Commonly Used Git Commands With Samples
Git is a powerful version control system. One big differentiator from traditional version control systems is that it’s fully ditributed. In other words, there is no central repository and everyone can have a full clone of everything.
There are many articles and tutorials about GIT already. A while back, I also wrote a few articles on the Java APIs to the JGit implementation. This post is simply a collection of some commands that I use on daily basis. This is just for my quick reference or cheat sheet and nothing more. If you find it’s helpful, it’s great.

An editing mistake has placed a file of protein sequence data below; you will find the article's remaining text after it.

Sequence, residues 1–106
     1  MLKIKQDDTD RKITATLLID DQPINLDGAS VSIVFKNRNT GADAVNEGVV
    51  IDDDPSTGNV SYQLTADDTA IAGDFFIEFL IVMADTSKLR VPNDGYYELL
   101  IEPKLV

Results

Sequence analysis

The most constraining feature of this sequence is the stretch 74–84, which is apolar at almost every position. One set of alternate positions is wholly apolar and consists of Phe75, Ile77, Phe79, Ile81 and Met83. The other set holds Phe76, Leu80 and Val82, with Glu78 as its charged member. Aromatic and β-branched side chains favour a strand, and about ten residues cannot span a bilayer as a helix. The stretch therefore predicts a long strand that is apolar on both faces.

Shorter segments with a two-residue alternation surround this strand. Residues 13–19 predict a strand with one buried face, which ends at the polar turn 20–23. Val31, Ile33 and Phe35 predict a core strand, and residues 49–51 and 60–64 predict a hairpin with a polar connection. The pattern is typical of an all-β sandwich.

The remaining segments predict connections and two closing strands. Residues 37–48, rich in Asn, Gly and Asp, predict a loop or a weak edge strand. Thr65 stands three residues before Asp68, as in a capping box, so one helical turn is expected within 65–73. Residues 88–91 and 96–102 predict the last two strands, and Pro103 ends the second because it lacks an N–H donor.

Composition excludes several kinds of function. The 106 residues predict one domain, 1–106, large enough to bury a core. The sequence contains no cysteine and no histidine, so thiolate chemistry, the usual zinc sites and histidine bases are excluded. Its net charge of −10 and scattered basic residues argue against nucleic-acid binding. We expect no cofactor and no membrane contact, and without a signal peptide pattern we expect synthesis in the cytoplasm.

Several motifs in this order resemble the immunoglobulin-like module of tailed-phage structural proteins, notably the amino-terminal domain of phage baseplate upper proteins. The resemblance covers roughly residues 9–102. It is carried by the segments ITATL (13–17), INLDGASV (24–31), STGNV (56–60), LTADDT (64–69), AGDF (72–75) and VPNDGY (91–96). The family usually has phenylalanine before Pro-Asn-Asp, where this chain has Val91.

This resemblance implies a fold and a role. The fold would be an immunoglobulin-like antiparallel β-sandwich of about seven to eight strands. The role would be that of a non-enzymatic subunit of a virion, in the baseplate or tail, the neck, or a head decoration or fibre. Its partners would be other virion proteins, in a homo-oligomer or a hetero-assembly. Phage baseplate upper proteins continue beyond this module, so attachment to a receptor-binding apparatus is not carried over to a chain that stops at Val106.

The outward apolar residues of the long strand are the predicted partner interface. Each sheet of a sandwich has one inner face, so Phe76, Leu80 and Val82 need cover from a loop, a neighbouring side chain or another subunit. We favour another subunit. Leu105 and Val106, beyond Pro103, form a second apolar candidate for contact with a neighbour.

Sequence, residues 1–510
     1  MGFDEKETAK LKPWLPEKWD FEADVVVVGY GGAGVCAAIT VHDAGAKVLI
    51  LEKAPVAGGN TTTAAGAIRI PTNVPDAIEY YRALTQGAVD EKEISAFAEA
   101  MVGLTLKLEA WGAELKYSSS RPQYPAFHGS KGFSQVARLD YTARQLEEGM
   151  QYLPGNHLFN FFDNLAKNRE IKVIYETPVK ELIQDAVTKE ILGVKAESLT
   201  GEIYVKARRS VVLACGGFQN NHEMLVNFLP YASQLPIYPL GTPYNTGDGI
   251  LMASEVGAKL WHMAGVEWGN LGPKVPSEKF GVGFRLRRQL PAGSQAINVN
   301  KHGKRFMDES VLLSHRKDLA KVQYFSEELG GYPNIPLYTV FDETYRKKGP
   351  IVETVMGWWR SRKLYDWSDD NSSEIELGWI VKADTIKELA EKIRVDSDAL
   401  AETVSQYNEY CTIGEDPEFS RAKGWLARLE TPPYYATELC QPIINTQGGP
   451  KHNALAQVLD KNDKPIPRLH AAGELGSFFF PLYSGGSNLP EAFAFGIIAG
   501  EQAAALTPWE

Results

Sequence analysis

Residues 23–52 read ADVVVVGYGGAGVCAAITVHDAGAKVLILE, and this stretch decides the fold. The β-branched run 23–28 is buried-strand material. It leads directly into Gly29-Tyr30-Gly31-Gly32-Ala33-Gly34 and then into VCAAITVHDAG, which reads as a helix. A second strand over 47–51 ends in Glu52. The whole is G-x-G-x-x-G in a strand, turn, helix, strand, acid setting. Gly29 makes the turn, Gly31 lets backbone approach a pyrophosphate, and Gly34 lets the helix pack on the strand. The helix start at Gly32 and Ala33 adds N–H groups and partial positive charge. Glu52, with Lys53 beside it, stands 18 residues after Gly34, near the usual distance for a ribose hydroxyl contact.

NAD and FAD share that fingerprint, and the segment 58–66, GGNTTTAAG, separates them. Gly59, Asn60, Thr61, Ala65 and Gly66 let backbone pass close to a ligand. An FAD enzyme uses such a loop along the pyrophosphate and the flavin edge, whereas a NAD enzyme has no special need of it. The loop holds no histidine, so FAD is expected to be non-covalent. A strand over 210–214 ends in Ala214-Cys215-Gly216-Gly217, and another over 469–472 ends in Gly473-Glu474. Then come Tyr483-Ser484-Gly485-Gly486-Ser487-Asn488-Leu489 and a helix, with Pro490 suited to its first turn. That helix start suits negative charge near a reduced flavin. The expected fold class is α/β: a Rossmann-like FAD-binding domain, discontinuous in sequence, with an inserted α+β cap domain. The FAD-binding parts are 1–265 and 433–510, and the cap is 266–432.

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# Set the user name so that no need to type it git config --global user.name "Steve Jin" # Set the author email address $ git config --global user.email email@example.com # Configure the default editor to be emacs. Another popular choice is vi or vim. git config --global core.editor emacs # Configure the template for commit message git config --global commit.template ~/.gitmessage.txt # Clone a repository $ git clone http://example.com/doublecloud/vijava.git # Create a new repository $ git init # Create a new branch "fix123" and check out from origin/master branch into it. $ git checkout -b fix123 origin/master # Switch from current branch to branch fix321 $ git checkout fix321 # Add all the changed file into staging. Alternatively, one or file paths can be added. $ git add . # Add one specific file named doublecloud.py into staging for later commit. More files can be added in one line. $ git add doublecloud.py # Check the current status of this branch: what's staged, what's changed but not staged $ git status # Commit the staged changes into repository $ git commit # Update the latest commit with new changes. The commit number will be different. $ git commit --amend # Show what is inside a commit $ git show 8f79c86c7b089d5583c653f1e879e41f2ff0084f # Fetch changes from remote $ git fetch # Rebase the current branch with its tracking branch, which should be done before push to remote. $ git rebase # Pull changes from remote and merge them. Not used as often as git fetch + git rebase $ git pull # Push the changes from local fix123 branch to the remote master branch git push origin fix123:master # Show the commit history of current branch git log # Show the commit history with one line for each commit $ git log --oneline # Show what's new in local branch fix123 that has not yet pushed to origin/master branch $ git log origin/master..fix123 # Show short version of git log $ git shortlog # List all the branches with # indicate the current branch $ git branch # List more info about branches with tracking branches $ git branch -vv # Set the tracking branch as origin/master for the branch fix123 $ git branch --set-upstream fix123 origin/master # Delete the branch fix123. Use -d switch for safer checking $ git branch -D fix123 # Edit the history of a few commits $ git rebase -i origin/master # Show the diff between working directory and HEAD $ git diff # Show the set of files changed in a commit $ git diff-tree --name-only -r HEAD # Show the diff of same file but different versions on two branches $ git diff branch1 branch2 -- doublecloud.py # Pick a specific commit and apply it on top of current branch $ git cherry-pick 259df0b6100b507df9c665128cff0159999d5b4c # Clean the current working directory. Remove --dry-run when you have doublechecked $ git clean -d -f --dry-run # Move a file or directory from one location to another $ git mv doublecloud.properties conf/ # Add a new tag called v1.0 $ git tag -a v1.0 -m 'First public release' # List tags $ git tag -l # Check out a tagged version v1.0 into a new branch $ git checkout -b fix1.0 v1.0 # See change history of a list per line. The 2nd shows only line 1 to 5. $ git blame <file-name> $ git blame -L 1,5 <file-name> # Remove un-tracked files $ git clean -f # Change the tracking branch to origin/master $ git branch --track [new_branch] origin/master # Combine last 2 commit - need to pick commands in editor $ git rebase -i HEAD~2